'Skill in the art of embellishment was a prime requisite for any Baroque or Classical singer. Quoting the treatise by the castrato Pier Francesco Tosi, Sir Charles Mackerras points out that many female singers expected the decorations to be written out for them 'so they would not have to improvise on the spot but could think about the variations and practise them'. Mozart gave a model demonstration of this when he elaborated a clutch of arias (including one by JC Bach and two of his own) for Aloysia Weber, the brilliant soprano he had fallen in love with in Mannheim. Especially intriguing is Mozart's treatment of a dignified but slightly chilly aria from Bach's opera Adriano in Siria. The first of the two ornamented versions recorded here (Mozart prepared four in total) makes the expression more personal and heartfelt, with the liberal use of sighing appoggiaturas, while the second, in deference to Aloysia's range and virtuosity, transforms Bach's stately music into a flamboyant coloratura showpiece. Here and in an aria from Mozart's Lucio Si/la, Diana Montague sings the unadorned original text with her trademark mastery of the Classical style, the tone warm and rounded, the phrasing elegant, the registers smoothly integrated. She is just as impressive in Domenico Corn's artful embellishment of Cherubino's 'Voi che sapete', where for once the decorator becomes the decorated - and the adolescent page acquires an improbable layer of sophistication. Mozart's elaborations for Aloysia are adroitly dispatched by sopranos Majella Cullagh and Elizabeth Futral, the former intense and vibrant, the latter bright and 'pingy', and surely a match for Aloysia in the diamantine precision of her coloratura. The Hanover Band play crisply and stylishly under Mackerras's alert direction while, as ever, Opera Rara's documentation is exemplary, with texts, translations and illuminating notes from Mackerras himself.'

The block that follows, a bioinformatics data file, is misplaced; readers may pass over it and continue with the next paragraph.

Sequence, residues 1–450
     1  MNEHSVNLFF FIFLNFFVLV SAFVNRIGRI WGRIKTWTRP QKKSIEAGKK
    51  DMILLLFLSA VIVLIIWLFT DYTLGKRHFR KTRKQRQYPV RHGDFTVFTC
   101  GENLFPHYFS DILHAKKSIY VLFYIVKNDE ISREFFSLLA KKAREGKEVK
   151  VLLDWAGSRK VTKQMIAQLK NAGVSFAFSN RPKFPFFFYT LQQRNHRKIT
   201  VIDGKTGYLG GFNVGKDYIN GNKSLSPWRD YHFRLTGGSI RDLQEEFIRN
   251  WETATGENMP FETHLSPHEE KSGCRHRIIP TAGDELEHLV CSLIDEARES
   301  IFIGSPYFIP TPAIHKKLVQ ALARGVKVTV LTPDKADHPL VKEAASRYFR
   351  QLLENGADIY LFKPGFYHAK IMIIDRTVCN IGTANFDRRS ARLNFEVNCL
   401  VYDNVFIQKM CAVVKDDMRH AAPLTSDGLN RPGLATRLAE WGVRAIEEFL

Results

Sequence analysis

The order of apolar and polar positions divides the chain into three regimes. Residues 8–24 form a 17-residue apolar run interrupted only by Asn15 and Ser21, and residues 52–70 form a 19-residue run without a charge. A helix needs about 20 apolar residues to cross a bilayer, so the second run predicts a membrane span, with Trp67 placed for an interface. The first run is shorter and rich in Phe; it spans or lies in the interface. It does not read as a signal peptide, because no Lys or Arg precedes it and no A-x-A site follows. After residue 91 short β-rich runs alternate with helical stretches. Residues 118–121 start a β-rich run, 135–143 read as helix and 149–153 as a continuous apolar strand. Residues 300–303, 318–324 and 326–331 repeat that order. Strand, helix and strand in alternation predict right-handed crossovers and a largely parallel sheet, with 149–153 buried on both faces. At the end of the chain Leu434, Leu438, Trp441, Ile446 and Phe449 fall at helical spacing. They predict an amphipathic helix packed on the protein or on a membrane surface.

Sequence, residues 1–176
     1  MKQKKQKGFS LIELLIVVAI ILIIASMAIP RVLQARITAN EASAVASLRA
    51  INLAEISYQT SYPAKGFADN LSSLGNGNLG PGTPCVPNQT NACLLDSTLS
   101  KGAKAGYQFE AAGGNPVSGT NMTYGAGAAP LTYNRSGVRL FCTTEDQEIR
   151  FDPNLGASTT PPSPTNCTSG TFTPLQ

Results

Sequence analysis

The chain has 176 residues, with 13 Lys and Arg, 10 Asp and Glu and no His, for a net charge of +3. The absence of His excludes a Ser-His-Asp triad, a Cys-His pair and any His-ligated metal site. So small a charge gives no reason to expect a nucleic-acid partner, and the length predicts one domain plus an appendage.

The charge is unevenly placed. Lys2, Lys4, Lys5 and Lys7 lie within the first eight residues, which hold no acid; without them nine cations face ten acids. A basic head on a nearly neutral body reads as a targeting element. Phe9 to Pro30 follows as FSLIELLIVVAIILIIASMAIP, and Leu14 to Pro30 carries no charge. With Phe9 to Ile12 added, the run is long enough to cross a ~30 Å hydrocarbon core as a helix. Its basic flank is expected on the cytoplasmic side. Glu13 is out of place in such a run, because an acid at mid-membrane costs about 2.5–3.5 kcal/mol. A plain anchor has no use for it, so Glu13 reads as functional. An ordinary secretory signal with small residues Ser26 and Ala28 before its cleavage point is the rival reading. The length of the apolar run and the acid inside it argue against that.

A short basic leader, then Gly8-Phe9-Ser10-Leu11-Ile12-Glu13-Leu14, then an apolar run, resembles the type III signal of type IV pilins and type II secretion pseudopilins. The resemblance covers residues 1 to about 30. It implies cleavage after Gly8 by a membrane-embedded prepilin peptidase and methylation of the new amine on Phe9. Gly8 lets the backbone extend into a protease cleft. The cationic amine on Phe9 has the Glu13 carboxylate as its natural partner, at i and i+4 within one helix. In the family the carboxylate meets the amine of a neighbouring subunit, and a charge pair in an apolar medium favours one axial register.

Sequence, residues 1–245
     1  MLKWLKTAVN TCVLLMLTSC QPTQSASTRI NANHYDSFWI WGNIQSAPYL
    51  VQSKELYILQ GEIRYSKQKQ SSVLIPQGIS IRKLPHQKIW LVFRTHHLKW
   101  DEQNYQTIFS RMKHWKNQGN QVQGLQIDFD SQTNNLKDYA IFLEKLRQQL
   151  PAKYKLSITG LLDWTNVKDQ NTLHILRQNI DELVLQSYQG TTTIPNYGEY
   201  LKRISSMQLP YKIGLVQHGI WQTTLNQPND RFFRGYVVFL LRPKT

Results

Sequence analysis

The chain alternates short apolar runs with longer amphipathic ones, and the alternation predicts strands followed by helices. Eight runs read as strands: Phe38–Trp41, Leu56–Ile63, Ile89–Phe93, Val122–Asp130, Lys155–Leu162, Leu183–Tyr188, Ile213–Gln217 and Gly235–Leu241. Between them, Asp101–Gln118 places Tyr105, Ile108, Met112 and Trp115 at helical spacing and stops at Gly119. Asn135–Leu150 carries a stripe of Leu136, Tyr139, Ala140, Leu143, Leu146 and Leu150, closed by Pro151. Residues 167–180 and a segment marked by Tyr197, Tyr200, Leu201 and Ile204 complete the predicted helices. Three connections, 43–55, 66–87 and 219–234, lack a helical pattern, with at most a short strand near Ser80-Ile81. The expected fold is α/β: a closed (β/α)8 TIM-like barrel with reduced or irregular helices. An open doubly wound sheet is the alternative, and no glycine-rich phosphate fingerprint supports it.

International Record Review

'In 'Mozart the Decorator' Sir Charles Mackerras guides three of Opera Rara's finest singers through spectacular examples of Mozart's skill at embellishing a vocal line... All 12 tracks on this generously full CD act not only as evidence of Classical composers' skills in writing engagingly for the voice, they also show off to admiration the abilities of Diana Montague, Majella Cullagh and Futral (as well as the well-honed and stylish playing of the Hanover Band)... This is a marvellous CD.'

Sir Charles Mackerras

writes in the programme notes that:
'Mozart was often inspired by another composer's work and determined to write a composition in similar style. In doing so he often transformed a quite pleasant and charming original into pure gold, so that it became a work of genius.

Mozart particularly admired the music of his somewhat senior contemporary, Johann Christian Bach, the only member of that vast musical family to excel in the operatic genre... even though his own teenage operas such as Mitridate and Lucio Silla already surpass Bach's in terms of ensemble writing, musical characterisation and orchestration.

Mozart came to coach the lovely and brilliant Aloysia Weber. He first met the budding young soprano when she was 17 and he 21 and he fell head over heels in love with her. He did everything to try and please her by composing music specially for her and adapting his own previously written music to suit her. He also wrote a set of embellishments for her so that she could try them and see which of them best suited her voice. Today we can profit from our knowledge of Mozart's ornamentation and apply it to others of his vocal works.'